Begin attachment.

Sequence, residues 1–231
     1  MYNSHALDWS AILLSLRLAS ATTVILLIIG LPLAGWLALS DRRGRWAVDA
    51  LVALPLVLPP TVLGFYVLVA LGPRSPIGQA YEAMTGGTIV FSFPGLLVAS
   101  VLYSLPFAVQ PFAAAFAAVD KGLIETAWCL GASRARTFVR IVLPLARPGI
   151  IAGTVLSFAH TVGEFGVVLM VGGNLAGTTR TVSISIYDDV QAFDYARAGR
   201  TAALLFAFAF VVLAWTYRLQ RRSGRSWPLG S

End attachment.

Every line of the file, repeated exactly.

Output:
Sequence, residues 1–231
     1  MYNSHALDWS AILLSLRLAS ATTVILLIIG LPLAGWLALS DRRGRWAVDA
    51  LVALPLVLPP TVLGFYVLVA LGPRSPIGQA YEAMTGGTIV FSFPGLLVAS
   101  VLYSLPFAVQ PFAAAFAAVD KGLIETAWCL GASRARTFVR IVLPLARPGI
   151  IAGTVLSFAH TVGEFGVVLM VGGNLAGTTR TVSISIYDDV QAFDYARAGR
   201  TAALLFAFAF VVLAWTYRLQ RRSGRSWPLG S